Restrictions on liquids are familiar to frequent flyers: water bottles must be emptied at the security gate and Champagne must be packed in a checked suitcase unless it is purchased at the airport after security check.
Restrictions on liquids, aerosols and gels (LAGs) in passengers’ cabin baggage came into force across EU countries in 2006 to ensure air safety.
However, the definition of fluids in this context is not self-evident. Joni Pekkanen, Finavia’s service manager, talks about the rules on carrying liquids in hand luggage.
Food – if you can spread it, it’s a liquid
All drinks are of course liquids, but so are many foods. For example, more than a hundred millilitres of yoghurt cannot be taken into the cabin, and the same restriction applies to soups. On the other hand, a sandwich containing mayonnaise may be brought on the plane.
It is also good to remember that honey, jams and other products that you can spread are virtually always classified as liquids.
Baby food – allowed for children under 2
Children's foods are the exception to the rule: they may be carried freely in one’s hand luggage if the child is under two years of age. Foods that a child may need for the journey, regardless of the packaging size, are allowed on board.
Nail polish and many cosmetics are liquids
Nail polish and makeup that is applied are considered liquid, as well as face creams and hair wax. These products must be packed in a transparent one litre plastic bag. Each passenger can carry only one.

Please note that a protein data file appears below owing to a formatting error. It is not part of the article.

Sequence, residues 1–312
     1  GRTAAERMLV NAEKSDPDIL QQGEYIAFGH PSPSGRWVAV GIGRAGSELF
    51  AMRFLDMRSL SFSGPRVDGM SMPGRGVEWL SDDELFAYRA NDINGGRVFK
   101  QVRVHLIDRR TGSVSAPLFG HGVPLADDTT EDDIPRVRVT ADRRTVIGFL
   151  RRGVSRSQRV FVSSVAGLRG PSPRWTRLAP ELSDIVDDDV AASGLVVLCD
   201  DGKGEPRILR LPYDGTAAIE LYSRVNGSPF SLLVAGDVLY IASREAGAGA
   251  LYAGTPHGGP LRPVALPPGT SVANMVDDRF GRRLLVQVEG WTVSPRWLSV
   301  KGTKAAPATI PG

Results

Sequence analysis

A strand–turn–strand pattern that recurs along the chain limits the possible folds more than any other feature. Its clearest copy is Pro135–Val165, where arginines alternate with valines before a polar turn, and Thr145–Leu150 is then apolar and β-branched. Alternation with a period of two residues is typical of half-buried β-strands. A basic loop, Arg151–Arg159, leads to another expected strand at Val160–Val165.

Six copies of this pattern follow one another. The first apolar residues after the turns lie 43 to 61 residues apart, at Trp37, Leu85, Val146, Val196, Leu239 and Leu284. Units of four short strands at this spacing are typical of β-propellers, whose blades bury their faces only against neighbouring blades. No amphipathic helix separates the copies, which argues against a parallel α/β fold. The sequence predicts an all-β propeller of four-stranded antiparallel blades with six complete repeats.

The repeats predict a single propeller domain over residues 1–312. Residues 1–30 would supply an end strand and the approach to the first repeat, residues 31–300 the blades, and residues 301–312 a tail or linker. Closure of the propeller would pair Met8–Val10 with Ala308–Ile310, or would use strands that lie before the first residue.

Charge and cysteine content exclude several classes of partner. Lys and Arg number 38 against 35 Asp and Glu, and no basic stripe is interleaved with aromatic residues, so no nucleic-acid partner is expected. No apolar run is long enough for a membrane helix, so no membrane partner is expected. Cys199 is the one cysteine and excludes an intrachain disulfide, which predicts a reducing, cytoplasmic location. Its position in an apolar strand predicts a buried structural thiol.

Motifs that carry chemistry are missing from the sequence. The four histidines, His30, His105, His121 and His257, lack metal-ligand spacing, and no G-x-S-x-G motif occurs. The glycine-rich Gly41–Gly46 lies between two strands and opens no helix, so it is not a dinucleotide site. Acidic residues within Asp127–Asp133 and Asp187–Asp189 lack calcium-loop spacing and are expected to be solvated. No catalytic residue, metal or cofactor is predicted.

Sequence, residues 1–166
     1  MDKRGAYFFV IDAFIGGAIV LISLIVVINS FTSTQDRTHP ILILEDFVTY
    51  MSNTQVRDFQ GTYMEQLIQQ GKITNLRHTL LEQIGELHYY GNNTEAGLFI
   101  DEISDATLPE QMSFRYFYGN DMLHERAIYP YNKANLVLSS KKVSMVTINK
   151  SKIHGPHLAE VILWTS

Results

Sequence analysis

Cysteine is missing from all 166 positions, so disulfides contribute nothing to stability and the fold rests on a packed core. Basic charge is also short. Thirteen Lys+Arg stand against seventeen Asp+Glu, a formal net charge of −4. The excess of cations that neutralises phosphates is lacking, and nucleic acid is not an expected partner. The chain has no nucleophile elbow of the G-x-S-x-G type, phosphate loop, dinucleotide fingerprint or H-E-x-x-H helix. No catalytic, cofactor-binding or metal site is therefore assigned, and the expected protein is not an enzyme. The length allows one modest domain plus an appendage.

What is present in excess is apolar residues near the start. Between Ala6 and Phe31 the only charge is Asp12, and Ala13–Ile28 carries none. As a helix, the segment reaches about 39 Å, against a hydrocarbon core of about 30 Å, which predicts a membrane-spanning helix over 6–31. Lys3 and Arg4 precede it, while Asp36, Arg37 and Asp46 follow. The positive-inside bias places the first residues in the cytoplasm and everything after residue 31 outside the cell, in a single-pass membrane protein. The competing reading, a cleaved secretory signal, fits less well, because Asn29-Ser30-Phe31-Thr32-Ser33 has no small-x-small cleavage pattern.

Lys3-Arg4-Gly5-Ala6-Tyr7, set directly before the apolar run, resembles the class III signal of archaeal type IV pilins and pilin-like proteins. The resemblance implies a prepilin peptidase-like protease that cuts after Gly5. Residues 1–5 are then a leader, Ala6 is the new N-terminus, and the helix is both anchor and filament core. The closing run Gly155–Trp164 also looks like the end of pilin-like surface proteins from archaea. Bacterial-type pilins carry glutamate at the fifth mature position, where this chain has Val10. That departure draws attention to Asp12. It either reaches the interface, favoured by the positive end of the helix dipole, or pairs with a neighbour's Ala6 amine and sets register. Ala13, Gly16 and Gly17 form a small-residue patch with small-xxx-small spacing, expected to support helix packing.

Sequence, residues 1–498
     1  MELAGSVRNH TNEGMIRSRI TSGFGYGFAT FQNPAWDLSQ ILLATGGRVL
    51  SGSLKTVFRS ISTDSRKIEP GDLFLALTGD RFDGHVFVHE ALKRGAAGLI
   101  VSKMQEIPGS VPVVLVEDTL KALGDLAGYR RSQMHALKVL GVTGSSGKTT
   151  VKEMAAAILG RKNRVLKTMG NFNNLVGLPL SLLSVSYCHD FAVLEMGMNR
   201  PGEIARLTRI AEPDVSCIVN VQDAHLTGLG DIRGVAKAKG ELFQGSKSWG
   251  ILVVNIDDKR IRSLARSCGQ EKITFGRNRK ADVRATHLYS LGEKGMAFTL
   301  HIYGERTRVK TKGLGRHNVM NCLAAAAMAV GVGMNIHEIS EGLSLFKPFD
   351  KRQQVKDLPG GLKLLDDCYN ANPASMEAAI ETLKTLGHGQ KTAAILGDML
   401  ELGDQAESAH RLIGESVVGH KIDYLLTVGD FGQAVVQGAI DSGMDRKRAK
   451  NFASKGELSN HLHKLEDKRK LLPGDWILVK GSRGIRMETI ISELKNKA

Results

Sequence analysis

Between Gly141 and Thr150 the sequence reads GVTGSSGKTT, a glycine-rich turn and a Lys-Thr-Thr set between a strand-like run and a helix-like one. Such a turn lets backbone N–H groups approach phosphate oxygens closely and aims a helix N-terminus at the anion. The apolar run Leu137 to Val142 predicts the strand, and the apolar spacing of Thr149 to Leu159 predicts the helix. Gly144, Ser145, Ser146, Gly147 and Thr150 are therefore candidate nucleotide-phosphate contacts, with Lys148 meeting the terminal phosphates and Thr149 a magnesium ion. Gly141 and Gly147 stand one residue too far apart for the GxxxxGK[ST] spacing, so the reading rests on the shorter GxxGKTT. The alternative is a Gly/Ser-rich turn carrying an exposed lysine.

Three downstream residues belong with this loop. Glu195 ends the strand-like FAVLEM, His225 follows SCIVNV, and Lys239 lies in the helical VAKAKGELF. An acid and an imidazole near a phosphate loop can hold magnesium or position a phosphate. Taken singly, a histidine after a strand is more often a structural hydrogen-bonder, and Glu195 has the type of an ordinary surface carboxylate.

Liquid medicines are allowed
Drugs, including liquid ones, can be transported freely. Liquid medicines, solutions, syrups and mixtures should be packed in a transparent bag, but they do not need to fit into one bag.
Liquid prescription medicines may be declared to security separately, though they can also be placed on the security tray alongside other items. It is also possible to request for your medicines to be checked in private.
Even for liquid drugs, no prescription is required for screening. Although medications are exempt from normal liquid rules and are allowed in reasonable quantities, security officers may request to see a copy of your doctor’s prescription or letter at security check.
New technology being tested
At the moment, technology to analyse liquids during security screening is developing rapidly. Such technology, for example, is used at Helsinki Airport to help ensure that the liquid is really what the passenger says it is. In addition, random checks are carried out on children's foods, among other things.